Q) The NEW Harvard MBA Application Essay requires the candidate to submit an essay, 24 hours after the Interview. Is it possible for a candidate to plan for this essay?
Alex Chu (MBA Apply): Many people will fall into this trap of trying to pre-write the essay.
DO NOT DO THIS.
That's why they are asking this essay in the first place. They want to know how you follow up based on what happened in the interview. Adcoms can sense quickly if something is pre-written: it's either too vague and generic, or it's covering material in such a decorated and stage managed way that it's obvious someone spent way too much time trying to manicure every single sentence and to contrive an example that had nothing to do with what happened in the interview.
A strong post-interview essay is one that directly responds to or is a follow up to what was discussed in the interview. And you have no real way of figuring out what that will be. Sure, you can do interview coaching (and you probably should - if not with a consultant, at least practice mock interviews with colleagues and friends), some folks may tell others what their HBS adcoms had asked them and so forth. But it's not about that. It's about the nature of the discussion and what you actually said in the interview - and more importantly, how the adcom responded to some of the moments in the interview as you were talking about yourself.
There is no way of predicting how an individual will respond to you, or to even know in advance beyond just a vague idea of how the actual moment-to-moment experience will be like in that interview room.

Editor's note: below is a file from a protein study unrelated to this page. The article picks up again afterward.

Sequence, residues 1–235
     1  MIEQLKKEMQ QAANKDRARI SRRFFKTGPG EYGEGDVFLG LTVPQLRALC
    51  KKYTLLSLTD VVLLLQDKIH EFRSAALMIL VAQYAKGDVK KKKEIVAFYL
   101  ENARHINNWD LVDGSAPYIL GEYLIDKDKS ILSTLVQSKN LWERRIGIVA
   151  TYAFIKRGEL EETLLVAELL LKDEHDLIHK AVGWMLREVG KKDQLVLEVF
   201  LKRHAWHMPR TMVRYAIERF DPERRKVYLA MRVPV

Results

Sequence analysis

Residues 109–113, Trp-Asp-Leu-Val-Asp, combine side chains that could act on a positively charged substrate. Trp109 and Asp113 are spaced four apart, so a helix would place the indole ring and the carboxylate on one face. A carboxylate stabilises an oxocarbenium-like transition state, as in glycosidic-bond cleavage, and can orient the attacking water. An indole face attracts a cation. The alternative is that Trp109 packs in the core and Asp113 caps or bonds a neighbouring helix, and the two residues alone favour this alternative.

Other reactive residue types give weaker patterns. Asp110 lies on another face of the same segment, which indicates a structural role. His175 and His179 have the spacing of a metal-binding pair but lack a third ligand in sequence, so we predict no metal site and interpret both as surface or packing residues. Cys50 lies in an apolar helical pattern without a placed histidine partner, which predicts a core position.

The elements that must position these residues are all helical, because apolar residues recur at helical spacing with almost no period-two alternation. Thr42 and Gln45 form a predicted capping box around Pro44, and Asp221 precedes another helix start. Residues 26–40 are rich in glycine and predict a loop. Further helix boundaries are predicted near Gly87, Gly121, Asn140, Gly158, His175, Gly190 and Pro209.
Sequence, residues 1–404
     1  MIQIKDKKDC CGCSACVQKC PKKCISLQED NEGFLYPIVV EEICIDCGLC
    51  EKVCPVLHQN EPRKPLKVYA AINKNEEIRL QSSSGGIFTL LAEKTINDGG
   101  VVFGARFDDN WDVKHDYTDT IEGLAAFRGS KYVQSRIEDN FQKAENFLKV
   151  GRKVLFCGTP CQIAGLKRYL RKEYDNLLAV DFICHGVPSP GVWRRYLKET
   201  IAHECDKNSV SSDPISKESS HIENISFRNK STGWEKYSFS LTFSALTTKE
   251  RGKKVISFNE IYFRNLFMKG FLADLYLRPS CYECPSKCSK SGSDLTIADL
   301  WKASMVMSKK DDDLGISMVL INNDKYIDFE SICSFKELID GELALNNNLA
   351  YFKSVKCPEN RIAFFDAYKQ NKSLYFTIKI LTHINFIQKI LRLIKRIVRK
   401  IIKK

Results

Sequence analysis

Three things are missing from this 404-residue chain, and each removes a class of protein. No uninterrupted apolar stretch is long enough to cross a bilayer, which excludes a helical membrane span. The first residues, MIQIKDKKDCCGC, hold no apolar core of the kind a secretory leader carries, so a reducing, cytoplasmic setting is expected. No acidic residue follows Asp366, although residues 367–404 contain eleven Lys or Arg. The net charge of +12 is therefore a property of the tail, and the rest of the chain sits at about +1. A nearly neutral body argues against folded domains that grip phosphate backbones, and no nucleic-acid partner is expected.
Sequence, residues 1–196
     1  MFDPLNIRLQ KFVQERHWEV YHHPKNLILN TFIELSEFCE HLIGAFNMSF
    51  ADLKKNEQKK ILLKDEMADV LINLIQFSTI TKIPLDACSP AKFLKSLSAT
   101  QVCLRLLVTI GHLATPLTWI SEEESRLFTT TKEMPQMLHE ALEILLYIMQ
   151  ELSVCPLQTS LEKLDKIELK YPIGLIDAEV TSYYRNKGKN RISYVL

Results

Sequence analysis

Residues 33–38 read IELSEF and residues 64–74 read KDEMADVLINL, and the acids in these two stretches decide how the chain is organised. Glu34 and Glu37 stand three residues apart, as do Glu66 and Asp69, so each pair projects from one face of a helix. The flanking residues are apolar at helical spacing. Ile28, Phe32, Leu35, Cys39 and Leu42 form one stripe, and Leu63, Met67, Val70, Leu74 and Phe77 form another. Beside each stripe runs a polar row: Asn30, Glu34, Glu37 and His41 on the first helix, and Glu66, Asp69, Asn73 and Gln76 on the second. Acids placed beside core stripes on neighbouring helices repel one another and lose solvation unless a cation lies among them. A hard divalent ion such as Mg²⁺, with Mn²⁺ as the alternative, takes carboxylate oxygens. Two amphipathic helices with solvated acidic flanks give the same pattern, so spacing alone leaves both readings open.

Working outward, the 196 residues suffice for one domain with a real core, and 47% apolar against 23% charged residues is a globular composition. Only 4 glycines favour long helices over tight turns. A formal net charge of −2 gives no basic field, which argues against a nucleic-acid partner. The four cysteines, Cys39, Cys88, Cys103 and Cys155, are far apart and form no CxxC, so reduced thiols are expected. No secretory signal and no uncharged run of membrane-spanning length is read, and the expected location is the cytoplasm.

Finally, too many people are stressing out about this post-interview essay. The thing is, it is not going to really matter for 99.9% of the folks who actually are interviewed. The decision is made based on the interview itself - no "mini essay" afterwards is really going to change their mind if they already liked you, or they thought you were a tool. It's something they instituted this year - and it's an experiment. If it doesn't really impact their decision making, it will be gone (or significantly changed) next year. Again, this year is an experimental year for HBS - they are trying to change the format in which they assess people, and so they are keeping an open mind about the process. Having said that, in my opinion I think the importance that many applicants seem to put on this post-interview essay is overblown.
In short, what HBS is saying this year is that the two biggest things that matter are your resume and your interview performance? The essays and rec letters are minor and likely won't be a huge factor for most applicants. In other words, HBS adcoms believe that for many applicants, they can pretty much figure out whom they want to interview based on the resume alone (and the essays won't matter much unless they really suck). And that for most of the people that get invited for an interview - they can figure out based on the interview performance alone whom they want to admit.
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Getting into Harvard MBA is Not Like Catching a Shooting Star
Most applicants have this strange notion that you cannot get into Harvard MBA program without climbing Mount Everest, or leading a start-up to an IPO.
Trust us, we evaluated a few Harvard MBA Admits. They are like you, but with one difference.
They are Masters at Personal Branding.
We will teach you:
1) How you should start the essay knowing that extroversion and passion are valued in Harvard MBA?
2) How you should demonstrate Active Learning?
3) How you should demonstrate confidence in decision-making?
4) How you should demonstrate your succinct communication skills?
5) How you should demonstrate your potential as an effective FIELD team member?
Also Included in the Essay Guide:
1) Six positioning tips that you should consider for your essay.
2) Two Sample Essays
Download F1GMAT's Harvard MBA Essay Guide 2016-17